To add a custom systemd unit:
COPY mycustom.service /usr/lib/systemd/system
RUN ln -s mycustom.service /usr/lib/systemd/system/default.target.wants
It will not work currently to do
RUN systemctl enable mycustom.service instead
of the second line - unless you also write a
systemd preset file
enabling that unit.
systemd presets are designed for “run once” semantics - thereafter, OS upgrades won’t cause new services to start. In contrast, “static enablement” by creating the symlink (as is done above) bypasses the preset logic.
In general, it’s recommended to follow the “static enablement” approach because it more closely aligns with “immutable infrastructure” model.
If nevertheless you want to use presets instead of “static enablement”, one
recommended pattern to avoid this problem (and is also somewhat of a best
practice anyways) is to use a common prefix (e.g.
examplecorp- for all of your
custom systemd units), resulting in
Then you can write a single systemd preset file to e.g.
/usr/lib/systemd/system-preset/50-examplecorp.preset that contains:
The base image here enables the bootc-fetch-apply-updates.service systemd unit which automatically finds updated container images from the registry and will reboot into them.
First, one can disable the timer entirely as part of a container build:
RUN systemctl mask bootc-fetch-apply-updates.timer
This is useful for environments where manually updating the systems is preferred, or having another tool perform schedule and execute the updates, e.g. Ansible.
Alternatively, one can use systemd “drop-ins” to override the timer
(for example, to schedule updates for once a week), create a file
like this, named e.g.
# Clear previous timers
OnBootSec= OnBootSec=1w OnUnitInactiveSec=1w
Then add it into your container:
RUN mkdir -p /usr/lib/systemd/system/bootc-fetch-apply-updates.timer.d
COPY 50-weekly.conf /usr/lib/systemd/system/bootc-fetch-apply-updates.timer.d
For environments without a direct connection to a centralized container
registry, we encourage mirroring an on-premise registry if possible or manually
moving container images using
See this blog
For systems that require manual updates via USB drives, this procedure
describes how to use
Copy image to USB Drive:
skopeo copy docker://[registry]/[path to image] dir://run/media/$USER/$DRIVE/$DIR
*note, Using the dir transport will create a number of files, and it’s recommended to place the image in it’s own directory. If the image is local the containers-storage transport will transfer the image from a system directly to the drive:
skopeo copy containers-storage:[image]:[tag] dir://run/media/$USER/$DRIVE/$DIR
From the client system, insert the USB drive and mount it:
mount /dev/$DRIVE /mnt
bootc switch will direct the system to look at this mount point for future
updates, and is only necessary to run one time if you wish to continue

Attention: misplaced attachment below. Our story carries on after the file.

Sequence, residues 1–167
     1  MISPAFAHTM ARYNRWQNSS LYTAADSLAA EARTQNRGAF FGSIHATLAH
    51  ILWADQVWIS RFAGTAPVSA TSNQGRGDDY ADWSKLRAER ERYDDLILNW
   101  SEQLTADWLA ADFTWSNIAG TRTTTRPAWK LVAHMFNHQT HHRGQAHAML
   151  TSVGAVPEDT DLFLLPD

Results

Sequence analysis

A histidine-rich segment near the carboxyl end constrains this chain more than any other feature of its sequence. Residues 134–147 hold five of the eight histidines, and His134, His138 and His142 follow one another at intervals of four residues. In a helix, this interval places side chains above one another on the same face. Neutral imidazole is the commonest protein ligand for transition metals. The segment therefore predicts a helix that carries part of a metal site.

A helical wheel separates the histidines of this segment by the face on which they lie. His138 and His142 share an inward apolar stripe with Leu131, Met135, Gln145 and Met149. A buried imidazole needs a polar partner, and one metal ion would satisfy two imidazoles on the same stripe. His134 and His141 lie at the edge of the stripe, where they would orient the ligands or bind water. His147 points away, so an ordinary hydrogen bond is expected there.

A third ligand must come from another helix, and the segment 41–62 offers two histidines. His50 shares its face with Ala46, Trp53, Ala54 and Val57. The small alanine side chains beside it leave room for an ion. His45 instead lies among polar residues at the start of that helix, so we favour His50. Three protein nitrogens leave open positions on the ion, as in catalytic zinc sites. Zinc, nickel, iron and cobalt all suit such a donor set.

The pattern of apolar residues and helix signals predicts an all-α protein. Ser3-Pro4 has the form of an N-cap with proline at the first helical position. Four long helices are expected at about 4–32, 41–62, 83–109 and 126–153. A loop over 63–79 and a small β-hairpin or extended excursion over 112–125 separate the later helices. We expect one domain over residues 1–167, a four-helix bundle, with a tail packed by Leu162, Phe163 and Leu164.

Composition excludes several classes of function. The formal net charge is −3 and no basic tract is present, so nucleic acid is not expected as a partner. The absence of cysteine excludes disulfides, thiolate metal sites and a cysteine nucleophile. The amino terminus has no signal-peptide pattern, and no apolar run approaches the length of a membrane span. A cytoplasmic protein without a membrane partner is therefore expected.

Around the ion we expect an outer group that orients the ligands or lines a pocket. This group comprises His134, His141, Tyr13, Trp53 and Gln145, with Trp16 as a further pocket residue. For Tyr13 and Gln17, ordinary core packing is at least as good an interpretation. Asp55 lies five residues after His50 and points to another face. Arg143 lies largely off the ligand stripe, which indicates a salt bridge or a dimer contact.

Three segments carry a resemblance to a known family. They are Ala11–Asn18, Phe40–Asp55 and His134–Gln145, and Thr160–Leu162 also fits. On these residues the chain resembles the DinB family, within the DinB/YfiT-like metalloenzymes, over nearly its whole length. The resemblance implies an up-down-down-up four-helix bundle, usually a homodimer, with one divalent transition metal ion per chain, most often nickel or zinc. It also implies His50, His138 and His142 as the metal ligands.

consuming updates from USB devices. note that if the mount point changes,
simply run this command to point to the alternate location. We recommend
using the same location each time to simplfy this.
bootc switch --transport dir /mnt/$DIR
bootc upgrade will 1) check for updates and 2) reboot the system
when --apply is used.
bootc upgrade --apply
At “build” time, this image runs the same as any other OCI image where
the default filesystem setup is an
/ that captures all
changes written - to anywhere.
However, the default runtime (when booted on a virtual or physical host system, with systemd as pid 1) there are some rules around persistence and writability.
The reason for this is that the primary goal is that base operating system
changes (updating kernels, binaries, configuration) are managed in your container
image and updated via
In general, aim for most content in your container image to be underneath
/usr filesystem. This is mounted read-only by default, and this
matches many other “immutable infrastructure” operating systems.
/etc filesystem defaults to persistent and writable - and is the expected
place to put machine-local state (static IP addressing, hostnames, etc).
All other machine-local persistent data should live underneath
/var by default;
for example, the default is for systemd to persist the journal to
At a technical level today, the base image uses the
bootc project, which uses
ostree as a backend. However, unlike many
other ostree projects, this base image enables the
root.transient feature from
This has two primary effects:
- Content placed underneath
/varat container build time is moved t
/usr/share/factory/var, and on firstboot, updated files are handled via a systemd
tmpfiles.drule that copies new files (see
- The default
/filesystem is writable, but not persistent. All content added in the container image in other toplevel directories (e.g.
/opt) will be refreshed from the new container image on updates, and any modifications will be lost.